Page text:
It doesn’t matter what your role is – each role in business requires good writing skills.
I sat down with Dan Pink, author of several bestselling books on business, work, and behavior, to discuss strategies on how to improve business writing at every stage of the content writing process.
For Dan, there are two key reasons writing is an important business skill:
- Present ideas to persuade people
- Help you think through your ideas
Let’s take a deeper look at these concepts:
“Writing is an important business skill for at least two reasons. The first is that in any kind of business you have to say what you think. You have to convince people. You have to persuade people. The second thing, which is, I think, even more important, is that writing is a form of thinking. That when we write things we often figure out what it is we really think.
Those two things together, making your brain work overtime to figure out what you really think and then conveying your ideas crisply and clearly is essential. That is if you don’t have the skill you’ll be in a world of hurt.”
This goal of utilizing a strong ability to say what we mean to say while communicating effectively to those we work with requires a look into how writing works. Writing is a process that involves a few distinct steps: prewriting, writing, and editing.
- The PREWRITING stage is anything you do before you write a draft, from coming up with ideas, to outlining, to researching
- The WRITING stage is of course the actual drafting of your document, whether it’s a report, a blog post, an ebook, or something else
- The EDITING stage happens once you’ve completed your rough draft, and it involves you self-editing as well as others editing your work
Dan Pink delves further into these three steps in HubSpot Academy’s free Business Writing Course, in which he features as a professor.
As you plan out your writing process, it’s important to remember that the process is not always linear. Don’t be discouraged. Embrace the messiness and unpredictability. This is where looking at writing as a process rather than an end result will prove helpful every time.
At the end of the day, your writing will help you get the results you’re looking for in each aspect of your professional career.
Developing Ideas for Effective Content
There’s a rumor out there that the best ideas come when you least expect them – in the shower; while you’re driving; when you’re just about to fall asleep. Sure, that can work sometimes – but don’t count on it. Ideas, like most things in life, usually don’t just “come to you.” You have to put in the hard work.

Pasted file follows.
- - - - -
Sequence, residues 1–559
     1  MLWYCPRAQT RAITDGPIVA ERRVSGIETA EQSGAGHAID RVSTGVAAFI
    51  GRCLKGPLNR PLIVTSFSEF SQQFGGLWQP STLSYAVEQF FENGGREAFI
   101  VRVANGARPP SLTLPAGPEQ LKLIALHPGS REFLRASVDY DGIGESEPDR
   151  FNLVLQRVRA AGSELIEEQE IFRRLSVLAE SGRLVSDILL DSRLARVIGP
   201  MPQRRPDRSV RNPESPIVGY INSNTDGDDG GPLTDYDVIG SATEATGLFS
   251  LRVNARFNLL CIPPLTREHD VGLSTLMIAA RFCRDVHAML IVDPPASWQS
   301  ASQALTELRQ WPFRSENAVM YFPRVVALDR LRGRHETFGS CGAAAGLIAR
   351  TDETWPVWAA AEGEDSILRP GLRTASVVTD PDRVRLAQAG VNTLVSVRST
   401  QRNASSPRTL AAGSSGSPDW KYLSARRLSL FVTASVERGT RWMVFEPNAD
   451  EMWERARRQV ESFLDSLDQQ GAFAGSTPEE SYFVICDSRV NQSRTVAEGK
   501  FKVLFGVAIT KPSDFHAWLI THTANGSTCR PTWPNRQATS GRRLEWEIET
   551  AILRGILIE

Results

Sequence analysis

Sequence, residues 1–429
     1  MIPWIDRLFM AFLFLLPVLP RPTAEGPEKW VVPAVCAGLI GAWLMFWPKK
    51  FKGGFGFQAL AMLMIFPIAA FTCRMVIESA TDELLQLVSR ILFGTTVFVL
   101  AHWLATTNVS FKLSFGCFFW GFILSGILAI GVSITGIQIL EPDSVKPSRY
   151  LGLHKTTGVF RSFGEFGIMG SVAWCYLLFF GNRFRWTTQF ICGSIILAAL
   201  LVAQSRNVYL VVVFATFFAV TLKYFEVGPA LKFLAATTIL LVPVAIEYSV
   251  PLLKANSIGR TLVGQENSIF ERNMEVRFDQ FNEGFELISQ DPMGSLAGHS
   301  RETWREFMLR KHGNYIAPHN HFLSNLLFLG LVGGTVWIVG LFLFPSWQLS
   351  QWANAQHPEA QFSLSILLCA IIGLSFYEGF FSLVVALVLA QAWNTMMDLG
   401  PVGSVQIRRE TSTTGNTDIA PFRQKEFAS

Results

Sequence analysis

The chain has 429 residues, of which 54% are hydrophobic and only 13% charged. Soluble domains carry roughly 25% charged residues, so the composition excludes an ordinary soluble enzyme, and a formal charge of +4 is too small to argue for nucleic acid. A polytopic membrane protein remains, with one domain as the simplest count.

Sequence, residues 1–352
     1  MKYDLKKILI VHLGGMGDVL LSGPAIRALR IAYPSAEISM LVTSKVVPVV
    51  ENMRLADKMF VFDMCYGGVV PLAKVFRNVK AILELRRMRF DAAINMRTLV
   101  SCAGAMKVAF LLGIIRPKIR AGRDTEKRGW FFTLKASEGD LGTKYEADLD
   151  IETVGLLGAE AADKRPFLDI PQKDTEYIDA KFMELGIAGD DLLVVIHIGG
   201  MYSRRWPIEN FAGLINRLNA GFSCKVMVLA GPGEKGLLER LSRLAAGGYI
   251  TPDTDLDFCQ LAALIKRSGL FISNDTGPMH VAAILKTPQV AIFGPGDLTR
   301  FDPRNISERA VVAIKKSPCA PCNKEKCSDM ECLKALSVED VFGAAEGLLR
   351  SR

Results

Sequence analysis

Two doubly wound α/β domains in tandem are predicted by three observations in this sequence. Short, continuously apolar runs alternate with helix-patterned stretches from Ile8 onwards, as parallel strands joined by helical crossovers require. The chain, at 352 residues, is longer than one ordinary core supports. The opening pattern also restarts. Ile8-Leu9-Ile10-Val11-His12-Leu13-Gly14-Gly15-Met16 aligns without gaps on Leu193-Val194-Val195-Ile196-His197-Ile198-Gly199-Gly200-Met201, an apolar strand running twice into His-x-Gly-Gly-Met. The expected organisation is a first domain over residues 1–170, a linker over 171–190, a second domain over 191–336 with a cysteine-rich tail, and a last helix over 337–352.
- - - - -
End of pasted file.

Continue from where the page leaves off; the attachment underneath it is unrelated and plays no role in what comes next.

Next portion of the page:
But what does hard work in writing look like?
To start, Dan Pink recommends a 3-tiered framework for idea generation that looks like this:
- Collecting all your ideas as they come to you, so you have them when you need them;
- Revisiting these ideas and pinpointing the best ones;
- Teasing out the ideas that stand the test of time
Consistently coming up with great content ideas is one of the toughest challenges in business writing. The prewriting process doesn’t start AFTER you’ve come up with a great idea – coming up with ideas and choosing the right one is a critical piece of the prewriting process.
By setting aside some time to create a thorough, strategic ideation process now, you ensure future ideas will not be looked over/missed opportunities.
Let’s look at this process through Dan Pink’s tried and true idea generation process.
“I collect a lot of stuff and I keep idea files. Wow, these ideas are very rarely fully formed. It’s not like, ‘Oh. I’m going to write a book about the science of timing and it’s going to have seven chapters and this is going to be this chapter.’ Not at all. It would be something more like, ‘What about timing?’ maybe scribbled on a piece of paper that I throw into a paper file.
So, the collection is the first step.”
Dan Pink reaffirms the necessity of embracing the messiness and unpredictability in the writing process. Ideas don’t always come out fully formed. It takes time and, once again, hard work. Dan Pink continues his ideation process by returning to those loose ideas. He recommends periodically taking stock of your ideas to see which have stood the test of time.
“You have to have that yearning to collect but then also the discipline to revisit and filter…
There is a huge difference in something you want to write an article about and something you want to write a book about.”